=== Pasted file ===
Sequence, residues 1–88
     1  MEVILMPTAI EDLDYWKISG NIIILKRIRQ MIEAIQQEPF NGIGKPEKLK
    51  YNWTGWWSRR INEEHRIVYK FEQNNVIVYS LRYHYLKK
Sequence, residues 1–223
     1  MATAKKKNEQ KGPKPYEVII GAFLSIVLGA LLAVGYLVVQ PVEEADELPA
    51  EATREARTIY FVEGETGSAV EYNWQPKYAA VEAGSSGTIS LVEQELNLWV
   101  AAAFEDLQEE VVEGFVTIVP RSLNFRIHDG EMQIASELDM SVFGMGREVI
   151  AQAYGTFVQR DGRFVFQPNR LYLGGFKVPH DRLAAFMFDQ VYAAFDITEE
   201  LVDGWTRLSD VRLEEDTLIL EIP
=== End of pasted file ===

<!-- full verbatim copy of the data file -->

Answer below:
Sequence, residues 1–88
     1  MEVILMPTAI EDLDYWKISG NIIILKRIRQ MIEAIQQEPF NGIGKPEKLK
    51  YNWTGWWSRR INEEHRIVYK FEQNNVIVYS LRYHYLKK
Sequence, residues 1–223
     1  MATAKKKNEQ KGPKPYEVII GAFLSIVLGA LLAVGYLVVQ PVEEADELPA
    51  EATREARTIY FVEGETGSAV EYNWQPKYAA VEAGSSGTIS LVEQELNLWV
   101  AAAFEDLQEE VVEGFVTIVP RSLNFRIHDG EMQIASELDM SVFGMGREVI
   151  AQAYGTFVQR DGRFVFQPNR LYLGGFKVPH DRLAAFMFDQ VYAAFDITEE
   201  LVDGWTRLSD VRLEEDTLIL EIP